FIG. 2.
MyD88 deficiency results in the B. burgdorferi infection-induced development of myositis, glomerulonephritis, alveolitis, and pancreatitis. MyD88−/− and MyD88+/+ mice were infected with B. burgdorferi as described in Materials ...

B. burgdorferi-infected MyD88−/− mice have a higher bacterial load in all inflamed organs.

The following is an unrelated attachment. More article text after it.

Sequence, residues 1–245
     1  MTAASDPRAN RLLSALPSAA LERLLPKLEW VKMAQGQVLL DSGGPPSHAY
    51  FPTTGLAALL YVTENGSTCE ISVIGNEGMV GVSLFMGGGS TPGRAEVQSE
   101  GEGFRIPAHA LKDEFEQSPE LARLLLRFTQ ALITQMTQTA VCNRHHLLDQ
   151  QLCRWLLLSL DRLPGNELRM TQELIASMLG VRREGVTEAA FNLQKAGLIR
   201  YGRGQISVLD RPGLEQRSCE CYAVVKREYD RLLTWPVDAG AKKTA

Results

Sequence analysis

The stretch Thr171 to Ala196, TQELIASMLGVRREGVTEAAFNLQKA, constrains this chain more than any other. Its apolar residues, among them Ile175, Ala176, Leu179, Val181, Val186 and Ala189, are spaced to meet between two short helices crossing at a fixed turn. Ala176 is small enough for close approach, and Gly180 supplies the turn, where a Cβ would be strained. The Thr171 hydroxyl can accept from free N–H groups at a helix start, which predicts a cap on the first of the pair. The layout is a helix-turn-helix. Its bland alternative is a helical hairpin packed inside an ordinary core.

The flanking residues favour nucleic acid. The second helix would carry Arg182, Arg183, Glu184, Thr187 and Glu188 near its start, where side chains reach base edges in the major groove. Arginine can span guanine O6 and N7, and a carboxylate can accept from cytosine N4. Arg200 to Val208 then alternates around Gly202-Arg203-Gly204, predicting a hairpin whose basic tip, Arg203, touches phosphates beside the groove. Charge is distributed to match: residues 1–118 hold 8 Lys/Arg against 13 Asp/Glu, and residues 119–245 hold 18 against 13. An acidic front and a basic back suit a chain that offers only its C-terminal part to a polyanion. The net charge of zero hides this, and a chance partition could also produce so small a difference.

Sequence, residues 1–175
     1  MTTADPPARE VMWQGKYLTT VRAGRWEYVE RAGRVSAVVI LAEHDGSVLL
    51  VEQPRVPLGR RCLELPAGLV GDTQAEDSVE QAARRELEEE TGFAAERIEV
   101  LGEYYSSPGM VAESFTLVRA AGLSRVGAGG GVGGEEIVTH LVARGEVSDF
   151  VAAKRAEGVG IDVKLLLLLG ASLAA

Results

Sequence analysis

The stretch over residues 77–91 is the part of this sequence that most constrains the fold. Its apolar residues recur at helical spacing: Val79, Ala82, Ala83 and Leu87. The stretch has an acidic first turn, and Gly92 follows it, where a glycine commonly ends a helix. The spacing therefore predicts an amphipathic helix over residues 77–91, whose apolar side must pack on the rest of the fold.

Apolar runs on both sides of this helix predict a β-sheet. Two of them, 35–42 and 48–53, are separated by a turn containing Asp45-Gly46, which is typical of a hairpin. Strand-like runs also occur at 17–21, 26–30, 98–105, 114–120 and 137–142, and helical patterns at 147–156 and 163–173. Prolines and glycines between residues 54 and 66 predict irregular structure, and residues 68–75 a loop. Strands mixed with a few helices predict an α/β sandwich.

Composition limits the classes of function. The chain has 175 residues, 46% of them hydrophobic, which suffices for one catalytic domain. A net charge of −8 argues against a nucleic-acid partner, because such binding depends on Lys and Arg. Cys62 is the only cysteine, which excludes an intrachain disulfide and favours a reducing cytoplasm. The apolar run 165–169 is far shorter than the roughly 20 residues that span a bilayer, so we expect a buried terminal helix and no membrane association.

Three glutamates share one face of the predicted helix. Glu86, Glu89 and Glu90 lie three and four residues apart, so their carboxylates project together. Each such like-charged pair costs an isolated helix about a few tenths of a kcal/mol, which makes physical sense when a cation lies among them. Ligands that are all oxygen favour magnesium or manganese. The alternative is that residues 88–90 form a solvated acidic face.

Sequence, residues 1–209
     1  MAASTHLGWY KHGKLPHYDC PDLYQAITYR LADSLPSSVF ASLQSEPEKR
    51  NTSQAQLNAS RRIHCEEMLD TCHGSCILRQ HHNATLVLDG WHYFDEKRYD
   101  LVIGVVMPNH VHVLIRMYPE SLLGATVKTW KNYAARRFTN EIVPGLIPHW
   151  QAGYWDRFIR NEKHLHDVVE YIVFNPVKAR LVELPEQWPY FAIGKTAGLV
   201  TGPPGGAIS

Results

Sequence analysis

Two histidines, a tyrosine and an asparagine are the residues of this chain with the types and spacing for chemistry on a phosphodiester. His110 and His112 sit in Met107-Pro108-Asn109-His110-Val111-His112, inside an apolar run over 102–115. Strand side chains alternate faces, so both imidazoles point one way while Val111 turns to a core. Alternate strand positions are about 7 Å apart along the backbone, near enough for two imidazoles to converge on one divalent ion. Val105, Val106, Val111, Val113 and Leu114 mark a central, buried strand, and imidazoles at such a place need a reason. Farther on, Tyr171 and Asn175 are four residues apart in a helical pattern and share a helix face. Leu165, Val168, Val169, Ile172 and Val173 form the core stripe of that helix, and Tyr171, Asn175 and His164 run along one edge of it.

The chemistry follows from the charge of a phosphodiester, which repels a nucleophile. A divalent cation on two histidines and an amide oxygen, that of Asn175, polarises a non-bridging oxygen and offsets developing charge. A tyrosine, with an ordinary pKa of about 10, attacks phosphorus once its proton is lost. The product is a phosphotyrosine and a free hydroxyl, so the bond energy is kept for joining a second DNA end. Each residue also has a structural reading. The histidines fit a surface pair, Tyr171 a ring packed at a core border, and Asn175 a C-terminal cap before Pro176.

Spirochete numbers in MyD88−/− mice have been shown to be elevated in the joints and bladders of infected mice. We wished to determine whether spirochete burdens in specific tissues could account for some the differences in inflammation seen in the various tissues. Bolz et al. have previously shown that spirochete levels in blood and spleen were not affected and remained low in MyD88−/− mice in spite of the high levels of B. burgdorferi in joint, heart, and ear (8). Notably, we did not see any evidence of increased inflammation in the spleen histologically, which fits well with this finding. We chose to compare spirochete burdens in two tissues, kidney and muscle, that were found to exhibit increased inflammation in MyD88−/− mice but not typically in immunocompetent mice to the spirochete numbers in an organ, the joint, where pathology is commonly seen in inbred strains. Spirochete burdens were measured by quantitative PCR from mice infected for 3 weeks with B. burgdorferi. Significantly higher numbers of B. burgdorferi were seen in all three tissues: joint (P < 0.00001; 2.5 logs higher), muscle (P < 0.00001; 2.5 logs higher), and kidney (P = 0.009; 1 log higher) (Fig. (Fig.3A).3A). Joint and muscle tissue of MyD88−/− mice showed similar levels of increases between wild-type and knockout mice and comparable numbers of spirochetes overall; the kidney had a lower level of increase as well as a lower overall burden.